The New York Times: Texas Women And Abortion Rights
In an alarming 5-to-4 ruling, the Supreme Court turned away an emergency application to block a new Texas law that is impeding access to safe and legal abortion care in the state. The ruling leaves in place an order by the United States Court of Appeals for the Fifth Circuit that allowed the law go into effect while it considers an appeal (11/20).
Los Angeles Times: Battle Over Abortion In Texas
It's disappointing that the Supreme Court denied a request to temporarily block an onerous new abortion law in Texas from taking effect while a federal appellate court determines whether the law is constitutional. The high court's decision could force as many as a third of the abortion clinics in Texas to close, creating a hardship for thousands of women seeking to terminate their pregnancies (11/21).
Los Angeles Times: Good News And Bad News For Women As The Abortion Battle Rages
The battle over abortion continues to rage, and both sides got good news this week. In a win for antiabortion forces Tuesday, an ideologically split Supreme Court refused, 5-4, to stop the implementation of a Texas law aimed at squeezing abortion providers out of the state by requiring doctors to have admitting privileges at local hospitals. ... On the other hand, those who favor abortion rights were pleased Tuesday when the citizens of Albuquerque turned out in record numbers to overwhelmingly reject a measure that would have outlawed abortion after the 20th week of pregnancy (Robin Abcarian, 11/20).
USA Today: Deeds Attack Shows That Our System Is A Mess
The stabbing of Virginia state senator Creigh Deeds on Tuesday apparently by his son, Austin, who later committed suicide, is the latest in a string of mental health related violent incidents. Initial news reports said Austin Deeds had been turned away from a treatment center because no beds were available -- a claim later denied by state hospital officials. What's uncontestable is that Deeds didn't get the help that he needed (Pete Earley, 11/20).
The Seattle Times: The Rare Mental-Health Fixers
Crystal looked down at her bowl of handmade pasta like she expected it to suddenly disappear. You can understand her hesitation. The day before, she was in a West Seattle psychiatric hospital after being committed for wandering Seattle streets, suicidal. This day, she lived in a downtown Seattle homeless shelter, a 57-year-old woman adrift, without a phone, clothes or identification. Enter Dennis Villas and Mary McDonald. … Mary and Dennis's job title — peer bridgers — is new to the local mental-health system, but so intuitive it is a no-brainer (Jonathan Martin, 11/20).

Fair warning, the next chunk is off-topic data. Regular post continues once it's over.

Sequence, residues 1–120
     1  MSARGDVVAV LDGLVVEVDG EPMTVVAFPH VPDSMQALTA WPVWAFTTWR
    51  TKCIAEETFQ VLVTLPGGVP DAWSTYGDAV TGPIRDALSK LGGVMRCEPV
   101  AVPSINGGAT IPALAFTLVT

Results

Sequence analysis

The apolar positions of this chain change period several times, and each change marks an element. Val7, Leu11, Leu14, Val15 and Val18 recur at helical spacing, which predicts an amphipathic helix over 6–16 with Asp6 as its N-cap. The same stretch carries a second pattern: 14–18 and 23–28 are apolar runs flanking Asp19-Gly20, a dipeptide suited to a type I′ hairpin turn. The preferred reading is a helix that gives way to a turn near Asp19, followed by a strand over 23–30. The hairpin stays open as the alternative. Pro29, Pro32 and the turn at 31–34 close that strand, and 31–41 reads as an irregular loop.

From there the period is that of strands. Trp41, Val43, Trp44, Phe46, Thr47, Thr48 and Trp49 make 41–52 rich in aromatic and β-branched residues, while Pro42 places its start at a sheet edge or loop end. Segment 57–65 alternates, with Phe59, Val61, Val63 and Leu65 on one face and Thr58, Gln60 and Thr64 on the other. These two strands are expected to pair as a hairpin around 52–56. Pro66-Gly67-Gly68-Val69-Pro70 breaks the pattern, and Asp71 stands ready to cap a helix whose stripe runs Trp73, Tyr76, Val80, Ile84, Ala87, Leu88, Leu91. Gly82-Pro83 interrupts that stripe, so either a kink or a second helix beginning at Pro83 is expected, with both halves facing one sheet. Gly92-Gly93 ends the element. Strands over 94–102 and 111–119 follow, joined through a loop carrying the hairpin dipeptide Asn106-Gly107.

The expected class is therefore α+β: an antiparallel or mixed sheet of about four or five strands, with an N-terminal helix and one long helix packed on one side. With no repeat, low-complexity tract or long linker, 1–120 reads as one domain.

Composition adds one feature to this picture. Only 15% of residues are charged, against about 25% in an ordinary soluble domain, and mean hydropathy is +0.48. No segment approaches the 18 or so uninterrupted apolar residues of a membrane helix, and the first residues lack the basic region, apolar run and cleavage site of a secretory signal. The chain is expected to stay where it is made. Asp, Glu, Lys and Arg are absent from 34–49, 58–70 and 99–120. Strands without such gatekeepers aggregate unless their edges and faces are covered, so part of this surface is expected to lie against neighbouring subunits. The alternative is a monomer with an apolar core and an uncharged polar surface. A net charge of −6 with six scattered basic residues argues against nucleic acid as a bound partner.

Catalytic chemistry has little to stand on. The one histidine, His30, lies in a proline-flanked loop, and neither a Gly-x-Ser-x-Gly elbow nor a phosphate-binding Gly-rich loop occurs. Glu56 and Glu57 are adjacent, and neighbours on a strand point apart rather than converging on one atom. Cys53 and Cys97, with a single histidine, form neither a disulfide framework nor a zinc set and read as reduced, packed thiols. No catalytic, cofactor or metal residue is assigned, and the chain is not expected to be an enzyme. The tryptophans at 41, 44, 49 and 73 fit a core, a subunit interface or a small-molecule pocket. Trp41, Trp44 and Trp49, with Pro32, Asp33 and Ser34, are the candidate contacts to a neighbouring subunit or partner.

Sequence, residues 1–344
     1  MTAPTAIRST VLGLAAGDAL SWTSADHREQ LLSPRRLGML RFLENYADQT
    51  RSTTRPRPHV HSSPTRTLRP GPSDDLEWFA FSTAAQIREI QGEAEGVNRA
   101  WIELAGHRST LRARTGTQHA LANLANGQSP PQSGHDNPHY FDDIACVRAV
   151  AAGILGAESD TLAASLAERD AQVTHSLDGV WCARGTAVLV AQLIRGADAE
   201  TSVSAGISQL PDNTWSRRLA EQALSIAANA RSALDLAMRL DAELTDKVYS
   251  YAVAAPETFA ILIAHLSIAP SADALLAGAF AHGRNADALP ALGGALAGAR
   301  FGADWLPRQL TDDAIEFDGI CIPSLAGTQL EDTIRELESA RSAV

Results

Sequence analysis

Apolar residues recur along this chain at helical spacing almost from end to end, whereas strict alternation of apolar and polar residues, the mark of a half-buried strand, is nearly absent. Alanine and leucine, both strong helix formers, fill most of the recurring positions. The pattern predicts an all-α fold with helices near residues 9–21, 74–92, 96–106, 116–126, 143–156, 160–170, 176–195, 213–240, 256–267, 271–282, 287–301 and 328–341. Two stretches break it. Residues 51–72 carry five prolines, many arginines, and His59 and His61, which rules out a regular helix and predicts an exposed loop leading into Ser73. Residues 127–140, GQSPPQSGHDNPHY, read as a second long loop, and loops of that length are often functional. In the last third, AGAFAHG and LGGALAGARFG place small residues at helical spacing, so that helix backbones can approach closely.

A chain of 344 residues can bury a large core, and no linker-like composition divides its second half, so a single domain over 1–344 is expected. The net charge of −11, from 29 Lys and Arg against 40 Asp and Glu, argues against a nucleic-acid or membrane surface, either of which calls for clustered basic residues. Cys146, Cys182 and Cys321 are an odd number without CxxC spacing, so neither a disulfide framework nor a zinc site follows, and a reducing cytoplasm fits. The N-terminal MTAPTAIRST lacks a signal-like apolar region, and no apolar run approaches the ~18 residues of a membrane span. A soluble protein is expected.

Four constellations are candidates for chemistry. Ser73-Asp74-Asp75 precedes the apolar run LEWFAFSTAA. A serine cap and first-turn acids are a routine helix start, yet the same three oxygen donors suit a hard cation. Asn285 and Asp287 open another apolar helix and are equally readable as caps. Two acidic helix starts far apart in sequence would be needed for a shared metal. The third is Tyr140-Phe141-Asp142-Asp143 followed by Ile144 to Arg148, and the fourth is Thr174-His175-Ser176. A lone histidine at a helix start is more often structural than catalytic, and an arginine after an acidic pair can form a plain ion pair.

JAMA: To Reduce Hospital Readmissions, Perhaps Focus On The Whole Patient And Not A Specific Condition
US Hospitals, which can face financial penalties for readmitting large numbers of patients within 30 days of discharging them, want to lower their 30-day readmission rates. And patients certainly don't want such return visits, either. Research appearing today in BMJ suggests that hospitals can lower 30-day readmission rates by developing strategies that focus on the whole patient rather than concentrating on such a specific time period or diagnoses that have historically been associated with a higher percentage of readmissions (Mike Mitka, 11/20).
New England Journal of Medicine: Making Medical Decisions For Patients Without Surrogates
People who are decisionally incapacitated but haven't provided advance directives for their health care and have no health care surrogates — sometimes called the "unbefriended" or "unrepresented" — are some of the most powerless and marginalized members of society. Most of the unrepresented are elderly, homeless, mentally disabled, or socially alienated. Yet medical decision making for these vulnerable patients often lacks even minimally sufficient safeguards and protections. ... We must strike an appropriate balance between a decision maker who is responsive and can make timely decisions and a decision maker who is independent from the treating clinicians. Occupying this middle ground, I would argue, is the ethics committee (Thaddeus Mason Pope, 11/21).